In a surprising twist, LAFCA -- or Los Angeles Film Critics Society -- has named David Lynch's Mulholland Drive as the best film of the decade, followed in order by: There Will Be Blood, Eternal Sunshine of the Spotless Mind, Brokeback Mountain, No Country for Old Men (tied with Zodiac), Yi Yi, 4 Months, 3 Weeks and 2 Days, The Lord of the Rings Trilogy, Spirited Away, United 93, Y Tu Mama Tambien, and Sideways.
As someone who has been intrigued by the film since it was released, I'm wildly pleased about the decision. Mulholland Drive has always been this rather unique piece of the cinematic landscape. It should have been a television show, but was morphed into a film that actually worked. To some, it might seem like a misshapen mess of clips -- no more than the product of Lynch's original TV intent. Instead, however, it's this wonderfully postmodern yin and yang that works on a myriad of levels.
I wrote my final university paper on the film, wildly excited by just how perfectly the film fit into theories of identity, the big focus of my studies. The film was a road map of Frederic Jameson's thoughts about the protective wall of gothics and death of the subject, and Laura Elena Harring's Rita literally embodies Lacan's mirror stage as she creates "Rita" in Betty's bathroom. But Mulholland Drive is also such a perfectly morbid look into the Hollywood monster as we all know it -- how we assume the Hollywood dream to be, glossy on the outside, and how it manifests in messy darkness and death.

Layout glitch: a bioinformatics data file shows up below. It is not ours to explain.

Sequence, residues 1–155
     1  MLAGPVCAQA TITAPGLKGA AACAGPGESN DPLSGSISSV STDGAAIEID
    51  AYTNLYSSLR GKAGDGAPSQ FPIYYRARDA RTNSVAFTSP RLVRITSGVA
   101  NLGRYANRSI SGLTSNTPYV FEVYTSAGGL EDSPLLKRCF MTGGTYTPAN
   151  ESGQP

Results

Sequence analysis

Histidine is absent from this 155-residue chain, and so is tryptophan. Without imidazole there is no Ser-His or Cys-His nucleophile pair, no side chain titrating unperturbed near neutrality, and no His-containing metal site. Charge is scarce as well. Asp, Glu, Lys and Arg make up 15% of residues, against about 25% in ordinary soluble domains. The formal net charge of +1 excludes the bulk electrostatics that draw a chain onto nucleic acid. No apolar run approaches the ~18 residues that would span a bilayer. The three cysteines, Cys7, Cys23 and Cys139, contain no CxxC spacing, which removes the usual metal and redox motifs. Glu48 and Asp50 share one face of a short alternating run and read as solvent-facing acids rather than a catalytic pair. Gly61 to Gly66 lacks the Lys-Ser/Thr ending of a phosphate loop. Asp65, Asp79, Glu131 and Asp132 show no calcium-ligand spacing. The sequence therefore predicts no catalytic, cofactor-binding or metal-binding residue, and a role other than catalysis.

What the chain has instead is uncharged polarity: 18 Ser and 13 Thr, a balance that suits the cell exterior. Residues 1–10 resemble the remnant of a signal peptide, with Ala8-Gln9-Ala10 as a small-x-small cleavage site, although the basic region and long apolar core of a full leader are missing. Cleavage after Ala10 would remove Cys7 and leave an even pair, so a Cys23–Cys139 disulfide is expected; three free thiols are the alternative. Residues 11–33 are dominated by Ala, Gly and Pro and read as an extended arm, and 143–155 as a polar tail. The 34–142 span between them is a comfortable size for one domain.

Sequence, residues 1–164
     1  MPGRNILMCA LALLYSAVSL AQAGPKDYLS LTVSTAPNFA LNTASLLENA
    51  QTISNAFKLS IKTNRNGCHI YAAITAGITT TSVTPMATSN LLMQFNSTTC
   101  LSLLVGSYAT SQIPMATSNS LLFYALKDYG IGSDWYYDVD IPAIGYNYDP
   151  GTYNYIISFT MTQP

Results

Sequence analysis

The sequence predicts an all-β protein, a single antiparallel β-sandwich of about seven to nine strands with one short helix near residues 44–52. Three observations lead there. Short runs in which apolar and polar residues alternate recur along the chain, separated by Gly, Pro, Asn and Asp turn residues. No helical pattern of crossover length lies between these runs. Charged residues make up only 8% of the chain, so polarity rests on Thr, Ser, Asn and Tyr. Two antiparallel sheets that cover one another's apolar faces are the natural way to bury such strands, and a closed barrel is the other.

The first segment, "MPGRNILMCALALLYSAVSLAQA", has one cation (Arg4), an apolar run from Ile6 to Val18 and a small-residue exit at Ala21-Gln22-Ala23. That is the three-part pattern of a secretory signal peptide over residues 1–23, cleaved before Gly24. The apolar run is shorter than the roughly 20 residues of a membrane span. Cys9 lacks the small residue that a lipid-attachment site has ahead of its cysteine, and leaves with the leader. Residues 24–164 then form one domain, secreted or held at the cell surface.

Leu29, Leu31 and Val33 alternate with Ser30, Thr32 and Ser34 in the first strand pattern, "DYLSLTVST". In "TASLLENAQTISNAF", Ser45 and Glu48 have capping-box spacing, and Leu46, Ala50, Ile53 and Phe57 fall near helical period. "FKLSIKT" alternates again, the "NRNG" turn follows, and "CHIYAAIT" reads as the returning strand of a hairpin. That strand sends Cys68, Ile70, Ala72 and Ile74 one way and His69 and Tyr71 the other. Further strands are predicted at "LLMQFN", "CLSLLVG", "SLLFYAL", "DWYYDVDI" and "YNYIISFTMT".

It seems absolutely incoherent, but only in how it mimics the incoherence of the system itself. The fact that Lynch was able to morph the pilot of a television show into such a perfect embodiment both of his big-screen work and the tarnished Hollywood system is stunning. And it's quite a great surprise to see it receive such love.
Unfortunately, it also reminds us how far Lynch himself has moved away from the cinema of his past. Will we ever be able to swim through Lynchian cinema again?